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How Private Usury Subverted the American Revolution Jubilee

January 21, 2013 by  
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How Private Usury Subverted the American Revolution Jubilee: The War of Independence was lost with the Signing of the CONstutution.

CONstitution.debtJubilee. 300x199 How Private Usury Subverted the American Revolution Jubilee

Before and after 1776 gold and silver loaned as private debt with interest was the basis for the money system. Unfortunately, their were no gold and silver mines in the former colonies, therefore they remained DEPENDENT on European bankers for a money supply. Just a DeBeers has a private monopoly over a semi-precious stone called a diamond. DeBeers engineers scarcity of diamonds to keep the value high. The difference is we are not required to used diamonds to pay our mortgage, private debts and taxes. Before and after the phony War of Independence Americans were required to use scarce gold/silver to pay their debts. While food and organic commodities were abundant they had no gold and silver. Usury made their debts compound and made debt contracts even more unpayable. Loan defaults, foreclosures, bankruptcies and loss of sovereignty were a mathematic certainty. Usury is the weaponization of the “love of money”. Usury is an asset confiscation racket.

Private usury rules behind the scenes with either a monarchy, Articles of Confederation, CONstututional Republic, democracy, parliament, communism or a fascist dictatorship. It doesn’t matter what form of government debt slaves choose for themselves so long as the private interest is collected. That private interest can be called taxes, if it makes the debt slaves happy. The debt slaves can vote for a new “administration” to collect revenue for the private usurers. It’s better PR for the private bankers to have the political theater of an election so the debt slaves believe they have choice. But, as George Carlin says “you have no choice. you have owners”.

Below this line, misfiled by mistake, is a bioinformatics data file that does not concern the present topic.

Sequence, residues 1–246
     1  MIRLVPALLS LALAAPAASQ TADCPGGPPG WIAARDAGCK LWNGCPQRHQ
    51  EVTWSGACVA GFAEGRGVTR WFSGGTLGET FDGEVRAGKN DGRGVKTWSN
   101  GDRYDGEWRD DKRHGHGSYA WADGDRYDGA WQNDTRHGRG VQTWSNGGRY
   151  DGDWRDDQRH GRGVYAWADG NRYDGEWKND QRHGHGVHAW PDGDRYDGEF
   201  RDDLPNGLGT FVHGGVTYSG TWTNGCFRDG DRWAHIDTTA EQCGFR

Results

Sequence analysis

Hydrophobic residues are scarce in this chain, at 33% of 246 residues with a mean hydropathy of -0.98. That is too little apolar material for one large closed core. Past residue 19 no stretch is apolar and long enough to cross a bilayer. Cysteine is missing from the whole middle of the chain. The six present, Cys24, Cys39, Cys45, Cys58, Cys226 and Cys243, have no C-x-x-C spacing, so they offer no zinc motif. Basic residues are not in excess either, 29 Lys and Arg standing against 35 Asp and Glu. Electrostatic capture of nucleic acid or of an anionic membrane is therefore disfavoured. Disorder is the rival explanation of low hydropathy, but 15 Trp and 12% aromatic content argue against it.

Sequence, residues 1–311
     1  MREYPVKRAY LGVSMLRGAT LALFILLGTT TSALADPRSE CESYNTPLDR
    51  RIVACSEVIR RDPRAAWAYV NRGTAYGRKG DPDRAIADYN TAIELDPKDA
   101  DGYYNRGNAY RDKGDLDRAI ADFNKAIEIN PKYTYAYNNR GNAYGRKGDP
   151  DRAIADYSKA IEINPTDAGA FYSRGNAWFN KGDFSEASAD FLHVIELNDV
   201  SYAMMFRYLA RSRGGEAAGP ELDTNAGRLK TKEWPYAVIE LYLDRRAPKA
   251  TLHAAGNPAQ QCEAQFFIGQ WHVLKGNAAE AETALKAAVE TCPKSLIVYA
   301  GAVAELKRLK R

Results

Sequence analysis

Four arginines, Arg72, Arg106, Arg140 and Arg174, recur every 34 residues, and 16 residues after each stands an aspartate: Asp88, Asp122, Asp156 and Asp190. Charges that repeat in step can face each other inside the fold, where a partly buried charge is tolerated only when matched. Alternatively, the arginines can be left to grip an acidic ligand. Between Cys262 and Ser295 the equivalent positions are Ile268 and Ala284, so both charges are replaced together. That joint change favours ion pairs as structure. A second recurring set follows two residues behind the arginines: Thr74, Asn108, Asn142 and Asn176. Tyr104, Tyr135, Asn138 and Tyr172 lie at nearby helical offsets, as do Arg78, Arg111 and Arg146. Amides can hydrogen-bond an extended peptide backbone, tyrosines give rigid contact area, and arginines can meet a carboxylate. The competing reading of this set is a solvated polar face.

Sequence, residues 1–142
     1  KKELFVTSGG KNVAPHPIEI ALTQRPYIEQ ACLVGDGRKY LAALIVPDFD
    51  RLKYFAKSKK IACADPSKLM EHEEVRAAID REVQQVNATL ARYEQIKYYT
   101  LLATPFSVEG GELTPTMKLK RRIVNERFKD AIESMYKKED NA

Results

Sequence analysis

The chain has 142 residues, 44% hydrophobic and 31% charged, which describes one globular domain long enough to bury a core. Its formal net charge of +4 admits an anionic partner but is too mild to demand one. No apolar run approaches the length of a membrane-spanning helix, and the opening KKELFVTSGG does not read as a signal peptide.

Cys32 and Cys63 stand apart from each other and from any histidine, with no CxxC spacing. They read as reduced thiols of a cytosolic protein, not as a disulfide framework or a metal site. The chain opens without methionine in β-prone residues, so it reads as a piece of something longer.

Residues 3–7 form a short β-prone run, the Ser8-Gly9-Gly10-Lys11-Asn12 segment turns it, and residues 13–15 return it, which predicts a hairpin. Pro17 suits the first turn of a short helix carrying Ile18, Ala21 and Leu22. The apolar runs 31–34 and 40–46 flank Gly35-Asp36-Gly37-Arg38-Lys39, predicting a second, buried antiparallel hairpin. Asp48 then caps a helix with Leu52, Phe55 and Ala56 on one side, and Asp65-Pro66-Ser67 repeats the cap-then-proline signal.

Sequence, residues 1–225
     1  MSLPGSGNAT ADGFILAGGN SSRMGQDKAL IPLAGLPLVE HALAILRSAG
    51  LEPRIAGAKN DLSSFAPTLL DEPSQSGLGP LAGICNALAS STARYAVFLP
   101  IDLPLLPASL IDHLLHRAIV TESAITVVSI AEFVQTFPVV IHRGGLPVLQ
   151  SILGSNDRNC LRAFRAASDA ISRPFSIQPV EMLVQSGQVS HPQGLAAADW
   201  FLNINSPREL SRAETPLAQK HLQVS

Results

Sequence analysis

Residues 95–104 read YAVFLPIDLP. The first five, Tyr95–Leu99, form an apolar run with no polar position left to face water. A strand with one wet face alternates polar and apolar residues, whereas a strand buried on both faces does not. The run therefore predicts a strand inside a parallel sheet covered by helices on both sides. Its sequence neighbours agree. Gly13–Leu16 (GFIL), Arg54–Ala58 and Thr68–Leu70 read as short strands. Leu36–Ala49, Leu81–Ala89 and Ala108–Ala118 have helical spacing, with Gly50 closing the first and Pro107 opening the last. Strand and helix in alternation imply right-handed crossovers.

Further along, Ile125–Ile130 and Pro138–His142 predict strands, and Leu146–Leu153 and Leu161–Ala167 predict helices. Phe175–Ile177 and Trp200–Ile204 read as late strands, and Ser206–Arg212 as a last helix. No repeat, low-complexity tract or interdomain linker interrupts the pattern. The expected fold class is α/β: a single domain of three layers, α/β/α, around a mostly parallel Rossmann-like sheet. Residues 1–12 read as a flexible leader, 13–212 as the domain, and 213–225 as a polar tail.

Indeed we have owners even if NO GOVERNMENT EXISTED. Governments are merely the private collection company for private usury. Almost all governments have been replaced by municipal corporations. Everything already has been privatized therefore we live under anarchy already. There is NO GOVERNMENT. Let’s take that further. If there were no government, or private corporate revenue collectors we would still be debt slaves. The private bankers would then need to hire private individuals to seize property. That could be done with private debt courts and sheriffs all paid with the same control currency based upon debt and interest.